Language as Clue — Part 3

The Effect of Paradigms on Creating Systemic Change in Business

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The Human Potential or Humanist Paradigm

According to Wikipedia, the human potential movement arose out of the counter culture milieu of the 1960s and formed around the concept of cultivating extraordinary potential that its advocates believe to lie largely untapped in all people. The movement took as its premise the belief that through the development of “human potential,” humans can experience an exceptional quality of life filled with happiness, creativity, and fulfillment. As a corollary, those who begin to unleash this assumed potential often find themselves directing their actions within society towards assisting others to release their potential. Adherents believe that the net effect of individuals cultivating their potential will bring about positive social change at large.

Core to this movement was the ableness of humans to be aware of and manage not only their own behavior but also their inner mind and motivation. Most of this movement’s emergence was a reaction to the behavioral psychology of the previous decades.

Source of the theory: Great thinkers and teachers of the twentieth century — including Abraham Maslow, Virginia Satir, Carol Rogers, and many others — rejected most of the ideas of the behaviorists. They felt that humans could be completely self-determining and could change themselves in order to achieve change in the world beyond their apparent potential.

Primary Use: The goal of the humanist paradigm is personal and human growth for each individual. As compared to the source of behaviorist theory, the human potential theory was developed by a movement, where hundreds of people almost simultaneously created Humanist Psychology. The ground was the self, the individuated person who is not fixed or limited from birth, who is characterized instead with unique potential that can be realized when it is intentionally developed.

Direction and means of study: The humanistic movement seeks to build programs and practices to realize the unique potential of every human being. Because personal development is the cornerstone of its work, the movement eschews all external motivation in favour of reflective practice, including meditation. Humans are seen to have agency, free will, and self accountability. Personal growth is possible throughout one’s life.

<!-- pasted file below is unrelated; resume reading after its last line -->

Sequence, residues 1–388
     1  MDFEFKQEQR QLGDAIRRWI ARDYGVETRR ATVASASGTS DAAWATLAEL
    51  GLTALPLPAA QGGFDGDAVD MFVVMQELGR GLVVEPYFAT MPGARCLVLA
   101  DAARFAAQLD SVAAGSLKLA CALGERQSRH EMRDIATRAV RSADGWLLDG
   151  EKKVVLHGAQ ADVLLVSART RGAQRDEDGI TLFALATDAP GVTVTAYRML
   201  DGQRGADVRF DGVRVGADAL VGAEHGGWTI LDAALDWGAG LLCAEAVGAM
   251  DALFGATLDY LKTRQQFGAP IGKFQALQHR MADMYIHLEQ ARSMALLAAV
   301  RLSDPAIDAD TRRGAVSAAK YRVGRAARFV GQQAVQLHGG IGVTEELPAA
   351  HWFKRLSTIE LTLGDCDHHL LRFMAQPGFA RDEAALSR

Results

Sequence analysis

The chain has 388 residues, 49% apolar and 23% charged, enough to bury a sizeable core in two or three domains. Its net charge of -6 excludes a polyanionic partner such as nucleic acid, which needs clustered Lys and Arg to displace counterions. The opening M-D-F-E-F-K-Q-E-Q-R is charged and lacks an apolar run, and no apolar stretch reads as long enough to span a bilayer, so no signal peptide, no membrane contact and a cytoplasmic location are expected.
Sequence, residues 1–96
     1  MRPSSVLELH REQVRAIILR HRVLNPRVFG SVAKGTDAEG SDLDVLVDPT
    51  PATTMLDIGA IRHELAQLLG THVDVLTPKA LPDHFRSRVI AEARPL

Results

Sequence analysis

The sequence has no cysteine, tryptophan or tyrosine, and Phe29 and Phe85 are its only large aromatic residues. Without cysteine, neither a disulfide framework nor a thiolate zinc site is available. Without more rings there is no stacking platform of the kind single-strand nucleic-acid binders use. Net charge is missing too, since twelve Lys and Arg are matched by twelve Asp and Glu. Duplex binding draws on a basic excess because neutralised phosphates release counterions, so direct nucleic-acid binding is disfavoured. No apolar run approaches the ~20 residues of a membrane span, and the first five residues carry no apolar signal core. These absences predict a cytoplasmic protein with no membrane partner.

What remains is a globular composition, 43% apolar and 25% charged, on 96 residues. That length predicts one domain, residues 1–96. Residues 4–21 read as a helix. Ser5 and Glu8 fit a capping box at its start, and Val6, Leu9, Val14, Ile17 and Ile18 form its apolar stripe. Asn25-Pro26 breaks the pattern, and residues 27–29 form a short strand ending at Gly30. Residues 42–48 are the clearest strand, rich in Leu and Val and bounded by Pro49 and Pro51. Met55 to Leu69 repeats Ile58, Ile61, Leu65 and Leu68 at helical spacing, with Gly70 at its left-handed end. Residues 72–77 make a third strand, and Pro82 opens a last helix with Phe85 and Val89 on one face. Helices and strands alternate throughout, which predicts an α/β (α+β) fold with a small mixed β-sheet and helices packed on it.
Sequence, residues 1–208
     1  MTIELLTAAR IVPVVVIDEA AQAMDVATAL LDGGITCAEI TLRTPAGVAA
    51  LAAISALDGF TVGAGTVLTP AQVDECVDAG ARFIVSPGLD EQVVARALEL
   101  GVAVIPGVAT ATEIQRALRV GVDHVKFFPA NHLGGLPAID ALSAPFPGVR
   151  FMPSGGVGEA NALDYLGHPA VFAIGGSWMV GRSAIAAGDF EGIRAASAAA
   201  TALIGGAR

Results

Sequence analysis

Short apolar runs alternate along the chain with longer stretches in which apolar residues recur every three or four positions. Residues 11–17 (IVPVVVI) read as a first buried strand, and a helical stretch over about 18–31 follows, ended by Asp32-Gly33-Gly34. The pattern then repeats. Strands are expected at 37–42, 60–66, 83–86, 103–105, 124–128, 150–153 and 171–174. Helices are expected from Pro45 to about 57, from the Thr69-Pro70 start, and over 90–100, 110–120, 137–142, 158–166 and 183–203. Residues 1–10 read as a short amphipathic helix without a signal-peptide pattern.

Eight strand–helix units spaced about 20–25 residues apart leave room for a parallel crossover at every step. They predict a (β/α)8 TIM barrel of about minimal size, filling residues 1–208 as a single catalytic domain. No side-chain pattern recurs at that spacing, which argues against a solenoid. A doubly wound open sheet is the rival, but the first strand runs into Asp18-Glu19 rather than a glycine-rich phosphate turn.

Pursuing potential is motivational, even more so than external conditions of pain and pleasure and can override the control that external force places on humans. In the last decade, it has become increasingly possible to conduct research on inner experiences, through fMRI, action research, and surveys. This research has the potential to move beyond the generalizations of the machine and behavioral paradigms in order to develop more powerful applications for the development of individuals. However, it is also at risk of becoming a resource for the commoditization of individuals, based on the assumptions that motivation always arises from internal sources and that all people respond in similar ways to educational and development processes.

Human Potential Paradigm Language and Business Practices

language clues to the human potential paradigm include speech about family systems, personal interactions, gestalts, mirroring, anchoring, whole persons, uniqueness, self-organizing, self-accountability, and human stewardship for the environment.

Business practices include the development of emotional intelligence, application of neuroscience, leadership for development, team building including survival courses, mentoring and coaching. They often include applications of therapy and counseling, such as defining types and strengths, and even martial arts as a new field of practice.

Effects of Applying the Human Potential Paradigm to Living Systems

Practices of the human potential paradigm tend to awaken personal agency. People feel that they can stretch and grow. They are often invited to be self-initiating, and this further fosters the sense of power over ones future. Maybe more importantly to business, it increases the desire to contribute and make a difference. All persons are seen as growable, and so mistakes are tolerated and often included, even risk taking.

Where behaviorist practices increase external motivation expectations (What’s in it for me? What have you done for me lately?) the humanist practices escalate motivation that is intrinsically evoked by oneself on oneself. Because most of these practices foster teamwork and engagement, along with far less divisive competition, this paradigm tends to create a sense of belonging and to result in far less reactivity. All of the human potential practice effects combined, fostering self determination with personal agency, are more intrinsically motivational and team building, ensure more mental space and will for innovation within an organization.